• -U lfuse:w:0xF7:m -U hfuse:w:0xD0:m -U efuse:w:0xfc:m are the fuse bits. We are setting the fuses at the same time as uploading the bootloader and the plaid firmware. lfuse, hfuse and efuse refer to low, high and extended fuse bits, respectively

Note, I believe the original author of USBASP made a mistake with the calculation of the extended fuse bit: the original specification called for the extended fuse bit set to 0x04 but this isn’t an allowable value. In binary, a hex value of 4 corresponds with 00000100 in binary (i.e., bits 7 to 3: 000000, bit 2: 1 * 4, bit 1: 0 * 2, bit 0: 0 * 1). According to this fuse calculator, the extended fuse bit is defined according to bit 0, 1 and 2. This corresponds with Brown-out Detector trigger level 0, 1 and 2, respectively. However, for all fuses there are 8 bits and a binary value of 1 actually means not selected. Efuse setting 0x04 was probably intended to mean BODLEVEL 2, but the truth is that all other bits apart from this would be set, including bits 3 to 7 which don’t apply to the efuse. To set BODLEVEL 2 we actually need the inverse: 11111011 (252, or 256 - 4). In hex, this is 0xfc (f is 15, c is 12, and 15 * 16^1 + 12 * 16^0 = 252) so we will use this fuse setting instead.

The from-scratch method

I have modified the USBASPloader repository to be compatible with an Arduino being used as an avrisp programmer. I have also modified the extended fuse bit setting as per above. Clone this repository and in the root folder enter the following.

make
make flash
make fuse

This should compile the USBASP bootloader, flash it to the keyboard and set the fuse bits according to the makefile instructions. This method is not fully tested (I had already burnt the bootloader using the first method so could not be sure that this method overwrote it).

The Arduino software method

Locate your boards.txt file for the Arduino software (mine was in ./hardware/arduino/avr) and add the following board definition. This will give the option of “Plaid Keyboard” in the list of boards available in the software.

##############################################################

plaid.name=Plaid Keyboard

plaid.vid.0=0x2341
plaid.pid.0=0x0043
plaid.vid.1=0x2341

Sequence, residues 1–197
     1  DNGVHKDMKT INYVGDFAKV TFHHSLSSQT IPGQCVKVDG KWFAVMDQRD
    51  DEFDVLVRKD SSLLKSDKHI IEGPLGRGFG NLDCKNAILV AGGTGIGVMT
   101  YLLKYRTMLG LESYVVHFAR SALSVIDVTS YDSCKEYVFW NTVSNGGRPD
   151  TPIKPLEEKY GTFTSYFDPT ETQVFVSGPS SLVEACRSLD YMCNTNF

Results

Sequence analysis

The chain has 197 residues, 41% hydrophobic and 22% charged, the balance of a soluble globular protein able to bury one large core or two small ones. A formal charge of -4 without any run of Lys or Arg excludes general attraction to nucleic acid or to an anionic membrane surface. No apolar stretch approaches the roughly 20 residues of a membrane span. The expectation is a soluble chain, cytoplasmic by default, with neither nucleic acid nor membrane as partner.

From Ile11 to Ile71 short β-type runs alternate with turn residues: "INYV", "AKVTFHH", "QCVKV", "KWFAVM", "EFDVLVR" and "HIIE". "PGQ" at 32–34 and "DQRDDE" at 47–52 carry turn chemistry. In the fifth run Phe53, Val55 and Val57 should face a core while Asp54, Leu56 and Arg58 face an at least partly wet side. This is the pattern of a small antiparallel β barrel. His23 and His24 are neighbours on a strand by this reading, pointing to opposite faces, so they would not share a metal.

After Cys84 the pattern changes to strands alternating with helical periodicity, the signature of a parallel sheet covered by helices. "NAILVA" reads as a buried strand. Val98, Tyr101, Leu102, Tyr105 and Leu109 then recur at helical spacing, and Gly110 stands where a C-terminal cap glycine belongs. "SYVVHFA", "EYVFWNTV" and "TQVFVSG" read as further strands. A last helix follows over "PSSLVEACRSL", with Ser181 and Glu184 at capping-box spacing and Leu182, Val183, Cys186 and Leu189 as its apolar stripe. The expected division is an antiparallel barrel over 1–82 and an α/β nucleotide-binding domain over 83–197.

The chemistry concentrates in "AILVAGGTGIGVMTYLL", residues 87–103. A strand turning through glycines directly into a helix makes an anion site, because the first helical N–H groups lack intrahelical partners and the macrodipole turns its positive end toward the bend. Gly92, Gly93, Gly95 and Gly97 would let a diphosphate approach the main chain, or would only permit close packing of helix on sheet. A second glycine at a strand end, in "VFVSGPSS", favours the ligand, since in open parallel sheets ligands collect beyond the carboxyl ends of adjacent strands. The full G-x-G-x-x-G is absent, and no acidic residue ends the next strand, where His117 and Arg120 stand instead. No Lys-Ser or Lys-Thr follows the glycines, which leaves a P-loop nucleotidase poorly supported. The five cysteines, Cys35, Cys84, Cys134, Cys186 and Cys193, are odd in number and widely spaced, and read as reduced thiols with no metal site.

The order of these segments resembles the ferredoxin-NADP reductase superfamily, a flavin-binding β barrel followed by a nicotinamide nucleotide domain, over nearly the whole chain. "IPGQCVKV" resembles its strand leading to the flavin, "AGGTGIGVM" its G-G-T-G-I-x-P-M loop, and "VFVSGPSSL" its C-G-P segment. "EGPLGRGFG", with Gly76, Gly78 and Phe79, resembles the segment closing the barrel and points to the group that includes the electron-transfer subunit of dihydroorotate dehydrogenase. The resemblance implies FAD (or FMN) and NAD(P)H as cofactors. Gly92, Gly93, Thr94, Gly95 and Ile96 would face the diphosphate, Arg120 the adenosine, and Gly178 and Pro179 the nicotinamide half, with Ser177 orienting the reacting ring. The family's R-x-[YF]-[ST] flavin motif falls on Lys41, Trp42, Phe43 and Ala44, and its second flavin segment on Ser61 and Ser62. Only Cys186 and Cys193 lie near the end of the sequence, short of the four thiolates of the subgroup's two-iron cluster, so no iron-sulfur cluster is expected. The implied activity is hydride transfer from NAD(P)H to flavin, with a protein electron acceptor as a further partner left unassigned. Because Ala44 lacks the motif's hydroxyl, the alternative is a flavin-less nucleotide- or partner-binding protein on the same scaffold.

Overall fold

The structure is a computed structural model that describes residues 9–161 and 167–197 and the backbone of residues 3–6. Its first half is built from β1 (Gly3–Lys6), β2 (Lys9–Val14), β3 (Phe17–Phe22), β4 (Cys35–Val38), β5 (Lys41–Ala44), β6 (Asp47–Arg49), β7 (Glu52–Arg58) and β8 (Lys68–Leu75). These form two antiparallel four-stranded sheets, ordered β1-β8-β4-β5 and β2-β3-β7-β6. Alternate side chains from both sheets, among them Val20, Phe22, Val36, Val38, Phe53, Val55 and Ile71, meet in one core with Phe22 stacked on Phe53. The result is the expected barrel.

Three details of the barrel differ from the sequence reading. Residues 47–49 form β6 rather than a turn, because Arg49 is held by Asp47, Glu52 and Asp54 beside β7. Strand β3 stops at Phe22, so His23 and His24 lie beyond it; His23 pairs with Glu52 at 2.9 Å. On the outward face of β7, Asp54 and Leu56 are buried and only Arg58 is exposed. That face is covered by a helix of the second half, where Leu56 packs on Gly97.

plaid.pid.1=0x0001
plaid.vid.2=0x2A03
plaid.pid.2=0x0043
plaid.vid.3=0x2341
plaid.pid.3=0x0243

plaid.upload.tool=avrdude
plaid.upload.protocol=arduino
plaid.upload.maximum_size=32256
plaid.upload.maximum_data_size=2048
plaid.upload.speed=19200
plaid.upload.using=arduino:arduinoisp
plaid.bootloader.tool=avrdude
plaid.bootloader.low_fuses=0xF7
plaid.bootloader.high_fuses=0xD0
plaid.bootloader.extended_fuses=0xfc
plaid.bootloader.unlock_bits=0x3F
plaid.bootloader.lock_bits=0x0F
plaid.bootloader.file=optiboot/optiboot_atmega328.hex

plaid.build.mcu=atmega328p
plaid.build.f_cpu=16000000L
plaid.build.board=AVR_UNO
plaid.build.core=arduino
plaid.build.variant=standard

##############################################################

Once this is done, select the board and click “Burn the bootloader”. This should do what you expect. Although you won’t have a working keyboard at this point (there’s a bootloader but no firmware on board), you can follow the “Usage” section below to upload the firmware. Note, this method is currently untested.

Verify

Verify that the bootloader has been burned by entering avrdude -c avrisp -b 19200 -p m328p -P /dev/ttyUSB0. You should see the following response.

$ avrdude -c avrisp -b19200 -p m328p -P /dev/ttyUSB0
avrdude.exe: AVR device initialized and ready to accept instructions
Reading | ################################################## | 100% 0.00s
avrdude.exe: Device signature = 0x1e950f (probably m328p)
avrdude.exe done.  Thank you.

The red led on the keyboard should also light up. Pressing the boot button should also light up the green led. Test a keyboard key by shorting the connections using a jumper wire. If successful, you should be able to type out letters. When I did this the first time I found I could type fine when the Nano was connected but couldn’t when I disconnected the power pin between Nano and keyboard. I almost gave up but thankfully tried again once all jumper wires were removed. If things aren’t working for you, make sure to disconnect everything before testing individual keys.

Usage

Now that a bootloader is present on the chip you shouldn’t need to program the keyboard using a separate programmer. If you need to change and upload new key mappings then you should be able to do this directly in qmk. With the keyboard connected by USB to your computer,

  1. Press and hold the reset button
  2. Press and hold the boot button
  3. Release the reset button
  4. Release the boot button.

Let’s assume you have a new keymap for the keyboard called mynewkeymap for the keyboard. In the qmk folder, type make dm9records/plaid:mynewkeymap:flash. This will compile the keymap and flash directly without the need for the Nano.

Richard Davey
Richard Davey
Analytical Consultant

My interests include earth science, numerical modelling and problem solving through optimisation.